Running is just you, the work you put in, and the clock. You can’t cheat yourself. If you don’t put in the miles, you can’t go to the starting line thinking you’re going to pull a miracle out of nowhere. You get out exactly as much as you put in. — Desiree Davila
I didn’t know much about Desi Davila before I saw her run in the Olympic Marathon Trials in Houston in January. I hadn’t read the Runner’s World article about her beforehand, but the name on her bib was slightly familiar as she powered past us three times to take second place. Shorter than either Shalane or Kara, Desi was all focus and grit. Very impressive.
Her quote is spot on, and it’s something we all know as runners. You can’t cheat on the miles and expect to have a good marathon. They don’t say respect the distance for nothing, and 26.2 miles is a long way to be miserable because you didn’t train the way you should have.
It’s why I’m having to bail on my second marathon in a row. Injury, sickness, and low mileage: a triple whammy of disappointment.
But that’s okay, I’m looking forward to another half marathon, and the bottom line is that I’m still able to run. Just being able to run is the prize, not the distance or the medal. And for me, getting to the starting line is what I enjoy the most.
Some people hate the training but love the race, and others love the training but hate the race. I think I fall somewhere in the middle, but I generally like the training much more than the actual race.
I do love the really long runs the most, the 16-20 milers with my running friends. My toughest runs are usually the midweek 4-6 milers, when I run alone.
Even running with one of my dogs makes a difference. Running with music has no effect on me, and I rarely run with my iPod. I run most of my miles on the streets in my neighborhood, and many drivers passing through tend to slow down rather than stop at stop signs, and music is just one more thing that could distract me from paying attention to the cars. I’ve almost been hit twice, and neither time was I listening to music, so I don’t want to press my luck.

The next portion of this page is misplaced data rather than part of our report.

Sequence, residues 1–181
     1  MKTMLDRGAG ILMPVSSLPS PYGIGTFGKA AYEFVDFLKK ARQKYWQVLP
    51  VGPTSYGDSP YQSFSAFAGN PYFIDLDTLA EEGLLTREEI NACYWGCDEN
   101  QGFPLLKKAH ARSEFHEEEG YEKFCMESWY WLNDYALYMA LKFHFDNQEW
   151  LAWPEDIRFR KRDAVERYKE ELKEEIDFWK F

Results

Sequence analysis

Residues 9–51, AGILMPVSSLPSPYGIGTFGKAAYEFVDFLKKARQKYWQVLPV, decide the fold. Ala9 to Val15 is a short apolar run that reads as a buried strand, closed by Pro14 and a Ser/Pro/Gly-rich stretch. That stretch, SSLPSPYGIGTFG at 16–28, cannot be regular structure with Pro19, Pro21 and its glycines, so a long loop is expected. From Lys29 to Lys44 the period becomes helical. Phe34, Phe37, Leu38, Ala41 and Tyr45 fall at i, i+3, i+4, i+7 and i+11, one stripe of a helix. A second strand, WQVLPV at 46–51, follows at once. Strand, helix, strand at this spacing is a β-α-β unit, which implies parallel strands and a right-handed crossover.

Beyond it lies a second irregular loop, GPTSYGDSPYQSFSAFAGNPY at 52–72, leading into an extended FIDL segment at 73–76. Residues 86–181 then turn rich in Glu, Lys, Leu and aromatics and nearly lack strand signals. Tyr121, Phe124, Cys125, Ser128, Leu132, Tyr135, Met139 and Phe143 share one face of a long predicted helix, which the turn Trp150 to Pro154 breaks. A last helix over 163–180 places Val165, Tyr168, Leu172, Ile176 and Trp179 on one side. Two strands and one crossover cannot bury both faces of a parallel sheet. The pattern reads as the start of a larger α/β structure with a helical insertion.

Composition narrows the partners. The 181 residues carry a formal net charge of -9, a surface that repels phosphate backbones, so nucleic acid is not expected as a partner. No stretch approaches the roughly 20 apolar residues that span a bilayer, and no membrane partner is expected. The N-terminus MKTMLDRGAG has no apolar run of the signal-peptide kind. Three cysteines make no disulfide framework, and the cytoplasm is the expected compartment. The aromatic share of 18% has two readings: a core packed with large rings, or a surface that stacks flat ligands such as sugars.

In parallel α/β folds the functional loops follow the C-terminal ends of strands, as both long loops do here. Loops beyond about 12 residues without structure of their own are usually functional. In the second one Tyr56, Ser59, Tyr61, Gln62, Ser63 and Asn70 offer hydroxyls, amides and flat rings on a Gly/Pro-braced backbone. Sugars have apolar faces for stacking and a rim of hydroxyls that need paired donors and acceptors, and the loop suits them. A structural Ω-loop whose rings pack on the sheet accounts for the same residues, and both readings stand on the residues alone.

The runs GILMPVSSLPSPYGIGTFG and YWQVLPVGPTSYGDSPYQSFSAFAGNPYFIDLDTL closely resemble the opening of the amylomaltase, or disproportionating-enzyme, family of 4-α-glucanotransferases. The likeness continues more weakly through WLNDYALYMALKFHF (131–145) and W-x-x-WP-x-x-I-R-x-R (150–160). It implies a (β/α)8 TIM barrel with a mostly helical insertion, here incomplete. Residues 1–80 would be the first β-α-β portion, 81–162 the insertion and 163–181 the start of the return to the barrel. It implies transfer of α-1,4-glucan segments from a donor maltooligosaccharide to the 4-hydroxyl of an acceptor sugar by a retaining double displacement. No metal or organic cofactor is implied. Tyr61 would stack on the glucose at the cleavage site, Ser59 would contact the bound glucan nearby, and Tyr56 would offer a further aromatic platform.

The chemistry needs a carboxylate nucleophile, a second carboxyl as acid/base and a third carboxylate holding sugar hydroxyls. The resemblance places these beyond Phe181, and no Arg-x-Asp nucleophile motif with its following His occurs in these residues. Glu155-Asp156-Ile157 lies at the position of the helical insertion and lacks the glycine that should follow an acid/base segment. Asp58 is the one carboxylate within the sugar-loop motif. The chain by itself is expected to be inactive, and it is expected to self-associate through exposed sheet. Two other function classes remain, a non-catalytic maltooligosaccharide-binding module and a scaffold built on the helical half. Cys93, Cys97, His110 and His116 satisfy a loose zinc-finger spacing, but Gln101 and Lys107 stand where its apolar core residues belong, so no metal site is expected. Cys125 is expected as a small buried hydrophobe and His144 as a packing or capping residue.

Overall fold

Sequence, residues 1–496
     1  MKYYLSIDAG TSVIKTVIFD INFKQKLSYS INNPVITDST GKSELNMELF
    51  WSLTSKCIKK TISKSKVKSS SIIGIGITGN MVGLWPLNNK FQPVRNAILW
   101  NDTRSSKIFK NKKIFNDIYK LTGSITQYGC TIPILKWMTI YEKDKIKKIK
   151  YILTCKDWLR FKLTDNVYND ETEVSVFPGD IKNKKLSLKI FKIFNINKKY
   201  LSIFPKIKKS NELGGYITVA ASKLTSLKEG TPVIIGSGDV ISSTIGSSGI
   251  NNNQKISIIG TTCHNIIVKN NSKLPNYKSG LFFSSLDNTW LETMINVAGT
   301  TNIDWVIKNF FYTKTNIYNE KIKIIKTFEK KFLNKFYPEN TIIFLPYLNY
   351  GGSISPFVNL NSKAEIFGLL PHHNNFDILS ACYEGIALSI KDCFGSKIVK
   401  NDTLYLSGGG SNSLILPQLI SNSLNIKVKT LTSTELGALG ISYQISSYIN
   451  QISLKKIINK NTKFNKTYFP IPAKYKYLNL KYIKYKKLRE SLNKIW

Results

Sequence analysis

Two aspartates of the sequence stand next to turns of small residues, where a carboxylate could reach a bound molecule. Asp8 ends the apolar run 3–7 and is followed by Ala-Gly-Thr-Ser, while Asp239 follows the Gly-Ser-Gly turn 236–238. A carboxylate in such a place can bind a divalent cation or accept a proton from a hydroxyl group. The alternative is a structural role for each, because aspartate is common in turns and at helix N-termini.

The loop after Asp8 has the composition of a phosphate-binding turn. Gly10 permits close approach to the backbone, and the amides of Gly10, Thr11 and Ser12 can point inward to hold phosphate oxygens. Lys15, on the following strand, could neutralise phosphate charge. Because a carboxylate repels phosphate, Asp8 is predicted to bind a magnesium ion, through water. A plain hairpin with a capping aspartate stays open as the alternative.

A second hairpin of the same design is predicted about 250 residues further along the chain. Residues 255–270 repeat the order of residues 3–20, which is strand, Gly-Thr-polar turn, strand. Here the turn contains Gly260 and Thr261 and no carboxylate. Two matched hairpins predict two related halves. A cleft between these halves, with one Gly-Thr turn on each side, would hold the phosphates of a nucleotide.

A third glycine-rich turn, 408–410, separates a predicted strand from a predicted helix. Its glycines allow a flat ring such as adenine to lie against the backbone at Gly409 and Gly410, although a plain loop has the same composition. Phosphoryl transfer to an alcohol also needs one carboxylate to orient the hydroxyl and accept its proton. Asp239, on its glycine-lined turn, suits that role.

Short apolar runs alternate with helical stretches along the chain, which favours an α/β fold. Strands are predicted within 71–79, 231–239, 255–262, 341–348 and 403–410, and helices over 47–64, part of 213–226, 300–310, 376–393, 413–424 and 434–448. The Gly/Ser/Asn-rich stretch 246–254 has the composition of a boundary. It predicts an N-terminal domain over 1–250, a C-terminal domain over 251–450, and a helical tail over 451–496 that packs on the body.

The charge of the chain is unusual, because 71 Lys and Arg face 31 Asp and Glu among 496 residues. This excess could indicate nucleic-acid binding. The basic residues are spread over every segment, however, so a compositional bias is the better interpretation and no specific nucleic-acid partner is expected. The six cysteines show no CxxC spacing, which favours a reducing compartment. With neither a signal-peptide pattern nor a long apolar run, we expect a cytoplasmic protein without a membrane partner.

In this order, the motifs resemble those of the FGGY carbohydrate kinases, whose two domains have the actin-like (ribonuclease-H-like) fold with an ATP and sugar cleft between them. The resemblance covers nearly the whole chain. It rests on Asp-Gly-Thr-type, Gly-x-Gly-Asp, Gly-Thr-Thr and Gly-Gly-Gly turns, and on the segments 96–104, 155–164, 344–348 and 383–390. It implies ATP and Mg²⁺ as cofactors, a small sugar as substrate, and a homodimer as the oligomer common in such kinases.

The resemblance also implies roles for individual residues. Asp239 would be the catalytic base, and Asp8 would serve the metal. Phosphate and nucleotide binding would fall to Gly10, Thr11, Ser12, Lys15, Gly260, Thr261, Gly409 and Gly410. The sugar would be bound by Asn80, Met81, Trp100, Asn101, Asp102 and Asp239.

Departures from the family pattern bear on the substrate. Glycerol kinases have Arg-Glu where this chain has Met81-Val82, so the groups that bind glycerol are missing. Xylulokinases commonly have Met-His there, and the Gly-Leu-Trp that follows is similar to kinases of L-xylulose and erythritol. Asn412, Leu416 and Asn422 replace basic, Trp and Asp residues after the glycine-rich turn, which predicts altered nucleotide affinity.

In the summer, putting in the miles is the toughest for me. As the days get warmer and longer, I’m already starting to dread summer. No matter how hard I try to stay positive about running when it’s hot, no matter what game plan I come up with, no matter how early or late in the day I run, I still struggle.
My only consolation is knowing it will make me a stronger runner, both mentally and physically.
Five weeks out from Eugene I have to acknowledge that I haven’t been able to put in the miles like I wanted to. Rather than beat myself up, like I usually do, I have to focus on knowing that I will be able to complete the half, even if it won’t be my fastest time. I’m good with that.
Whenever I get to the tough part of an uphill during a run or race I say my hill mantra, over and over, until I reach the top: Just keep going. I think it actually applies to all aspects of my running, and it applies to pulling back from another marathon to the half as well.
It really is all about the running and nothing more than that matters.
One foot in front of the other, mile after mile, until you get to the end.
Just keep going.